Thursday, October 27, 2011

Twenty Questions with Editor Ellen Datlow

Photo by Gregory Frost
Ellen Datlow has been editing science fiction, fantasy, and horror short fiction for over twenty-five years. She was fiction editor of OMNI Magazine and SCIFICTION and has edited more than fifty anthologies, including The Best Horror of the Year, Inferno, Poe: 19 New Tales Inspired by Edgar Allan Poe, Darkness: Two Decades of Modern Horror, Lovecraft Unbound, Naked City: Tales of Urban Fantasy, Blood and Other Cravings, Supernatural Noir, the Mythic series of young adult books and Teeth: Vampire Tales (with Terri Windling), Haunted Legends (with Nick Mamatas).
Forthcoming is the young adult dystopian anthology After, with Terri Windling.

She's won multiple Locus Awards, Hugo Awards, Stoker Awards, International Horror Guild Awards, World Fantasy Awards, and The Shirley Jackson Award for her editing. She was named recipient of the 2007 Karl Edward Wagner Award, given at the British Fantasy Convention for "outstanding contribution to the genre." She has also been honored with the Life Achievement Award given by the Horror Writers Association, in acknowledgment of superior achievement over an entire career.

She co-curates the long-running Fantastic Fiction at KGB reading series in New York City’s east village.

More information can be found at or at her blog: and Facebook. She also, (gods help her) tweets, under EllenDatlow but only from her home computer (not phone).

Twenty Questions with Editor Ellen Datlow

How many hours do you spend editing an anthology before it goes to print?

That’s a more complicated question than you’d think, because the process begins with the proposal, and a good one that will interest a publisher could take months to put together—including soliciting a handful of prominent writers in advance.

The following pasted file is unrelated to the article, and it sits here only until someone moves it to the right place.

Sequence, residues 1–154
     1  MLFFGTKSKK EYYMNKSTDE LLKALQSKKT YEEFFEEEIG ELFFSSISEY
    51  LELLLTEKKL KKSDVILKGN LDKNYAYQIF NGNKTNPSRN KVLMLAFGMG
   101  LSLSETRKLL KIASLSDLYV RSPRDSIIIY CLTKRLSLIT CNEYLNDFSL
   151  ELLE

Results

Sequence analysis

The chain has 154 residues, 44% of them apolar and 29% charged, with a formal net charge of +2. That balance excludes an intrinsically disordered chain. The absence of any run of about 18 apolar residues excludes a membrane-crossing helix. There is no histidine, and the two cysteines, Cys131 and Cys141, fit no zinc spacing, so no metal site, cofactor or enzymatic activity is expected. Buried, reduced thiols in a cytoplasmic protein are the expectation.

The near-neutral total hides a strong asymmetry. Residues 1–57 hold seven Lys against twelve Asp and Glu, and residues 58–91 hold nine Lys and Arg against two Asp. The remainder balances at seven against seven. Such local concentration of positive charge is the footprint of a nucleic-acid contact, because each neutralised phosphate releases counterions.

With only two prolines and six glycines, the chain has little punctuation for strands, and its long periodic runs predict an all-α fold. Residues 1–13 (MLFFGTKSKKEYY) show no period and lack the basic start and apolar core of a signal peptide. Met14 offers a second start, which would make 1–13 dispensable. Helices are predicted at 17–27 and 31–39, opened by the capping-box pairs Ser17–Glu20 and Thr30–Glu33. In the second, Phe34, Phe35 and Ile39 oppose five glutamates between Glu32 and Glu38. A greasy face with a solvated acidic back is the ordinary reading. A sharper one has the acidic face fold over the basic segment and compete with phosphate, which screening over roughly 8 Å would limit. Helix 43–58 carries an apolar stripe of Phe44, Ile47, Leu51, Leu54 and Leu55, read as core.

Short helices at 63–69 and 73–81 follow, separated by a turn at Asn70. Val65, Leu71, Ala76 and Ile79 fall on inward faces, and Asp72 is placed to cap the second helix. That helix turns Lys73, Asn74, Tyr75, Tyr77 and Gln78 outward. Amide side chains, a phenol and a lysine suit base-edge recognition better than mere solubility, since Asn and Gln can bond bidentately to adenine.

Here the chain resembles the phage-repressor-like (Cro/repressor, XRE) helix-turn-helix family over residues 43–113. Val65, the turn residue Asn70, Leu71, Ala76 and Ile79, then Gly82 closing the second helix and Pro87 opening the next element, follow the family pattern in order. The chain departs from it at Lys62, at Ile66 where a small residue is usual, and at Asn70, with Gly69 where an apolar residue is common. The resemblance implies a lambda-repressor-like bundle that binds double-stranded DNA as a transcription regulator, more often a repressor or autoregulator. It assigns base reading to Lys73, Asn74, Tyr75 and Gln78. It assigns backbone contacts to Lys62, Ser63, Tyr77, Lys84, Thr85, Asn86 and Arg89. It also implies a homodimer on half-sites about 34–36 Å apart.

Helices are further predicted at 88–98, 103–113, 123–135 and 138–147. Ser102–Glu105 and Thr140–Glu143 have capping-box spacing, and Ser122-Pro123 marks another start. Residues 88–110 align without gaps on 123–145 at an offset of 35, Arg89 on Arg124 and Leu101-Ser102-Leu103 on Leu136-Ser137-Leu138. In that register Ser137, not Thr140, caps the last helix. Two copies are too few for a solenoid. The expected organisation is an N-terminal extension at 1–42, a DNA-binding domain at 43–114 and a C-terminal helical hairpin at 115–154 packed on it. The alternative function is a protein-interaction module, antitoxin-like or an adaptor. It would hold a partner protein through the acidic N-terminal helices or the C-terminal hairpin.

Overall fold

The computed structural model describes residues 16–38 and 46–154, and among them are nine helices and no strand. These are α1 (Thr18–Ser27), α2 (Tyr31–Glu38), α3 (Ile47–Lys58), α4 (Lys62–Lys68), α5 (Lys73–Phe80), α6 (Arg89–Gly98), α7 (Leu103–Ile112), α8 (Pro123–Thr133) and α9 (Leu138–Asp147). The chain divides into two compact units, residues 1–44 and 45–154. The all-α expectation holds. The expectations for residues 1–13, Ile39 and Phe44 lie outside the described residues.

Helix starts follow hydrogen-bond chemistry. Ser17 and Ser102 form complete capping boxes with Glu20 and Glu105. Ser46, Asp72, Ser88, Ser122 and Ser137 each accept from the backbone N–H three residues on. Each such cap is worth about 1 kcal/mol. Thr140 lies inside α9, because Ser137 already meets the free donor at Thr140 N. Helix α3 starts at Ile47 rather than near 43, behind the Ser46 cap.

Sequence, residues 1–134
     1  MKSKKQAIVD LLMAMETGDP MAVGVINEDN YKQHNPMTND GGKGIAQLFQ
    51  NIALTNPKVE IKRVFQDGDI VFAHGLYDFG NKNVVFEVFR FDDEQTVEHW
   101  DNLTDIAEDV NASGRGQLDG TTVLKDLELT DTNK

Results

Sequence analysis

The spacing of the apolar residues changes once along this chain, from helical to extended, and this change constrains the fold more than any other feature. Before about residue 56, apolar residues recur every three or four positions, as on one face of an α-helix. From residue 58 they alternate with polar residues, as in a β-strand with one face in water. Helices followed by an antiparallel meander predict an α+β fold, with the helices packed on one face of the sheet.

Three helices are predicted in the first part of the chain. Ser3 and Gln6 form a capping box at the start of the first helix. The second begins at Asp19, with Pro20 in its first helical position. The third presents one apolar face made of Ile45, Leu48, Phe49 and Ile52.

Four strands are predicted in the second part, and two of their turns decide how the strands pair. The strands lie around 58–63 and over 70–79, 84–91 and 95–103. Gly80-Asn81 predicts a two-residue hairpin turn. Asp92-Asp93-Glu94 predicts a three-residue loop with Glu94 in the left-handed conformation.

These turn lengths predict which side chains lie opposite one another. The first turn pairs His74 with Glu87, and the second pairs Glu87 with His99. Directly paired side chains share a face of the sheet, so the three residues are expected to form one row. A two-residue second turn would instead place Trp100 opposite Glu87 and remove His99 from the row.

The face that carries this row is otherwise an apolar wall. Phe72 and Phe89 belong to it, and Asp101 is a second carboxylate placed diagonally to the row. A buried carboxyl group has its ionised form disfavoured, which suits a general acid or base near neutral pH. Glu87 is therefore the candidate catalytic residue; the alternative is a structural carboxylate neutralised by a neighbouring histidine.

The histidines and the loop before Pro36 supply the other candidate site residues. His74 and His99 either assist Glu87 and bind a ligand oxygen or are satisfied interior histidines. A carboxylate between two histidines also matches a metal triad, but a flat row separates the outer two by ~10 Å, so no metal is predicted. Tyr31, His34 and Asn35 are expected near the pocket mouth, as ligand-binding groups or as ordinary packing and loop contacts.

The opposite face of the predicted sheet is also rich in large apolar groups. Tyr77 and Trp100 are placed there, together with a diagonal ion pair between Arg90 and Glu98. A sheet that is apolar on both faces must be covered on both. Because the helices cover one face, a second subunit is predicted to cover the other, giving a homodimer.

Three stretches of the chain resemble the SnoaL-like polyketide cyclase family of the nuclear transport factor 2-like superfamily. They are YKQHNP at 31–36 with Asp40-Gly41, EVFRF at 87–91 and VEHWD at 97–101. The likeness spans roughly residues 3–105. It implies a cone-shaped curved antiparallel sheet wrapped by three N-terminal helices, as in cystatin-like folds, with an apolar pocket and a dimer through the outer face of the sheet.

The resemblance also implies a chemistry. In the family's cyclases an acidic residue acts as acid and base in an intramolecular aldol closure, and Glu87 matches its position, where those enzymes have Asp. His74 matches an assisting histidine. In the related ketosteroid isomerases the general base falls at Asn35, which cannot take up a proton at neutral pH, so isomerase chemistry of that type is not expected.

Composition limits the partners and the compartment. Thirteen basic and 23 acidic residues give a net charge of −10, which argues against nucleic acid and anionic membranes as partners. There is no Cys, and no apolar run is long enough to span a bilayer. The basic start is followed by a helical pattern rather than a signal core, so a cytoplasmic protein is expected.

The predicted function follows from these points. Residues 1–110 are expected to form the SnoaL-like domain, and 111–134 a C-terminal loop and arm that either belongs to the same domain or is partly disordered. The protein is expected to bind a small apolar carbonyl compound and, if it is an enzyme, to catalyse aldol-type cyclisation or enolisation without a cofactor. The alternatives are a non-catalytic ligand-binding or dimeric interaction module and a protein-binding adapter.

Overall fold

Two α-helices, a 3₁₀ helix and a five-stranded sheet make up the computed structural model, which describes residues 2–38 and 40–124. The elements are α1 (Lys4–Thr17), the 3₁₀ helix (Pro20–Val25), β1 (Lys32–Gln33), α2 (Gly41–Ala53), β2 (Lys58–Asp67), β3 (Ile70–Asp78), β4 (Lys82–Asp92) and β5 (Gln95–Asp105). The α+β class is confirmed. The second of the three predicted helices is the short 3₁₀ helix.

But if you mean the actual hands-on reading and editing of the stories, that’s on ongoing process. I read the submissions as they come in and some stories I reject outright. I start the editing process on those I’m interested in from before I actually commit to buying the story (I may like the story but feel there are flaws that need to be addressed before I make a final decision to see if I feel the writer can fix them). A story might go through one or more rewrites. At the very end of the process, once all the stories are accepted, I do a final close line edit before handing the book in to the publisher.

If you weren’t in the writing industry, what would you be doing today?

No idea. Possibly work in a bookstore or in a library. It would have always been something to do with reading.

What three authors are essential for anyone seriously interested in the horror, fantasy, and science fiction genres?

I don’t feel comfortable answering this but in order to see where their chosen subgenres of the fantastic emerged it wouldn’t hurt to read:

Horror: Edgar Allan Poe, H.P. Lovecraft, and Shirley Jackson
Science fiction: Alfred Bester, Harlan Ellison, Ursula K. LeGuin
Fantasy: J. R.R. Tolkien, Lewis Carroll, John Crowley

Do you have a favorite anthology you’ve edited?

I’ve enjoyed editing most of my anthologies but among my most recent favorites are Supernatural Noir and Teeth.

If you could give one piece of advice to aspiring editors, what would it be?

Make sure you’re really committed to all aspects of editing, that is, acquisitions and hands-on editing. You must be willing to reject the stories you don’t think are good enough or appropriate for what you’re editing, whether it be a magazine or an anthology. And part of that is if you’re a writer/editor do not impose your voice on another writer’s work. You’re working with the writer to make a better story. You can make suggestions and ask for rewrites but it is not your story. It is ultimately the writer’s. If it can’t be fixed to your satisfaction, reject it.